“You’ll have to go after the established teams of women, but the math doesn’t work unless you also grow the number of women who are in the industry,” he said. “I do think we need to be open to bringing on advisors earlier in their career to achieve that goal. That doesn’t mean they’re new to the industry, but maybe they’re not in the $250,000 [to] $500,000 [AUA] range either.”

Bringing on less experienced advisors also will require tailoring the firm’s practice-management support and training, he said.

Kelly said another key tool is supporting newer advisors in purchasing equity from established advisors: “That’s where we need to go — making sure we get that equity transfer a little earlier.”

In 2023, Richardson Wealth launched a $25-million internal financing program that allows buyers to spread payments over seven years and pause payments if the buyer goes on leave. As of February, the program has financed nine transitions, with four of those involving parties who were women.

In his role as COO, Kelly is responsible for three main areas: advisor growth and experience; digital strategies and operations; and products and services.

“Having led a number of businesses as either the president or CEO, the COO role was appealing at this stage of my career,” Kelly said. “You are contributing to the strategy but you don’t have to own the strategy. I can really focus on the parts of the business I love to work with.”

Kelly also feels his new position combines the best of his two most recent roles, which were head of Toronto-based Gluskin Sheff + Associates Inc. from 2022 to 2023 and head of private wealth with TD from 2019 to 2022.

“One of the things I bring from the Gluskin side,” he said, “is a really clear understanding of what firms need to have in place to grow from a great boutique business into a business at scale.” And from TD, he said, he brings experience managing ample resources, infrastructure and process.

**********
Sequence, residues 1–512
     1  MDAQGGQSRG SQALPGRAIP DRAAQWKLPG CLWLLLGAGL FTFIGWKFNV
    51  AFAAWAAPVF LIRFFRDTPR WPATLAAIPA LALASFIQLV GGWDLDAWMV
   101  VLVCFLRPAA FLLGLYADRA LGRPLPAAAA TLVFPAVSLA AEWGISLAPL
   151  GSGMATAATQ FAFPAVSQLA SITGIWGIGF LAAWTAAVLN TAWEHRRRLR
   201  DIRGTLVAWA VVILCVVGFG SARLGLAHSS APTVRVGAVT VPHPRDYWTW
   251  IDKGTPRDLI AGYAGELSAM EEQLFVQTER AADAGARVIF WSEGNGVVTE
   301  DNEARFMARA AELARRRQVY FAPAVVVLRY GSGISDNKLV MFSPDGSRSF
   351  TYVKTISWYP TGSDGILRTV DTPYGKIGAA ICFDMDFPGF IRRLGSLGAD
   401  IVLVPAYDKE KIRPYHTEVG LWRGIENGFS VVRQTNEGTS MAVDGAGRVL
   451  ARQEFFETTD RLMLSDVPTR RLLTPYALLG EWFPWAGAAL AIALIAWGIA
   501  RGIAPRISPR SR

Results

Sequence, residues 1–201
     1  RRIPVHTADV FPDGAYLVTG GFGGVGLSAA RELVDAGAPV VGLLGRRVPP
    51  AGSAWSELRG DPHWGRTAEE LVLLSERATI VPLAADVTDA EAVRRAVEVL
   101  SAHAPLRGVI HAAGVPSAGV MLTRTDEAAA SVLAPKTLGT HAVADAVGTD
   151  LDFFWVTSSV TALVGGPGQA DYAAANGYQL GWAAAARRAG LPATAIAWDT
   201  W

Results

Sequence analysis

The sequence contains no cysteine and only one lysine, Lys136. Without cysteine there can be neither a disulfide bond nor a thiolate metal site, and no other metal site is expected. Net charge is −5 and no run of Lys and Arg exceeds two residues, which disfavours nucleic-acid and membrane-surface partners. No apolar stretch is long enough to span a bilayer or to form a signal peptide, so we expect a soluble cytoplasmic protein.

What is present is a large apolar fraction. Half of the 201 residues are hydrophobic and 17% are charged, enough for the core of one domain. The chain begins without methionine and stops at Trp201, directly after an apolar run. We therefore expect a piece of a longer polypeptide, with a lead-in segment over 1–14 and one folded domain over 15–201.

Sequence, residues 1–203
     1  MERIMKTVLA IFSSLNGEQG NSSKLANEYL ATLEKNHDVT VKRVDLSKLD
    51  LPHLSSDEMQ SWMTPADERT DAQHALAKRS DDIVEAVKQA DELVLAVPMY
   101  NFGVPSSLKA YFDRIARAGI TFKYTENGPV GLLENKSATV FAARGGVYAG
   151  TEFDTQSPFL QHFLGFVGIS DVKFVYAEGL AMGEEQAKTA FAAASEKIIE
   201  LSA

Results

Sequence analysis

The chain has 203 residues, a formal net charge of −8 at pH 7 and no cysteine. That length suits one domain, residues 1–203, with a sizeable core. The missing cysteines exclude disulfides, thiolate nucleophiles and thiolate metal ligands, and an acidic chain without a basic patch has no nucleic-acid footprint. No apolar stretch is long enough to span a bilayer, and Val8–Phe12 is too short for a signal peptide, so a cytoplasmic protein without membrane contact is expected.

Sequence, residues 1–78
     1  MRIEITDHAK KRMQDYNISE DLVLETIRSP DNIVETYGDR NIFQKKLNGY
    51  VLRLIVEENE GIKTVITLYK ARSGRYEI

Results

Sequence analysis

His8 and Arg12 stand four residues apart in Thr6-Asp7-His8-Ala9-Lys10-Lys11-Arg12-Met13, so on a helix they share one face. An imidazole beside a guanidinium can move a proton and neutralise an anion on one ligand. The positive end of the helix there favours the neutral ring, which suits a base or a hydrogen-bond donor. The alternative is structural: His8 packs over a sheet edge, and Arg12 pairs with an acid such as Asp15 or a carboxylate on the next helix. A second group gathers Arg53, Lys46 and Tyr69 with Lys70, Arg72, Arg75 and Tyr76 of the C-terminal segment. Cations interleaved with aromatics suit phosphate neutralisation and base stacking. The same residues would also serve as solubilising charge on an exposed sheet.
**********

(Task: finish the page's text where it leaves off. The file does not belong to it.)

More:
Kelly’s appointment comes a few months after the expiration of the three-year vesting period on retention shares issued to advisors in October 2020, when RF Capital completed its acquisition of Richardson Wealth.

On Feb. 29, the firm announced it would grant cash awards to advisors who were with Richardson Wealth in 2020 and remain with the firm until at least November 2026.

Nonetheless, Kelly said the firm is primarily focused on retaining advisors through its culture and support. “This is about creating an experience that advisors value. My view is that the monetary awards help some, but, ultimately, advisors are looking for the best place where they can serve their clients well, be successful and be proud of where they work,” he said. “To me, this is an experience journey more than a monetary journey.”

Kelly’s own financial services journey began in 1994, when he joined Morneau Coopers & Lybrand in Toronto; he moved to that firm’s Vancouver office just six weeks later. He’s done stints at three of the Big Five banks, the lengthiest of which was at TD.

Kelly was born in Toronto and lived in Surrey, U.K., from ages four to eight. His wife, Kim, volunteers with the Compass, a food bank and outreach centre in Mississauga, Ont. The Kellys’ two children, Caden and Autumn, both play hockey. Kelly, a former minor hockey and rugby player himself, enjoys skiing and riding motorbikes.

Richardson Wealth advisors have greeted Kelly enthusiastically, he said, with 200 people attending his recent welcome lunch. “The mood is optimistic. I think teams are looking forward to success, and it’s our job to put some wins on the board,” he said.

Kelly also values the constructive criticism he’s received from advisors. “Our focus is really trying to make sure we understand what advisors and their teams need to be successful,” he said. “Rightly, they challenge us to continue to be better versions of what we are today.”

Assets under administration over time and Assets under administration per team over time

This article appears in the March issue of Investment Executive. Subscribe to the print edition, read the digital edition or read the articles online.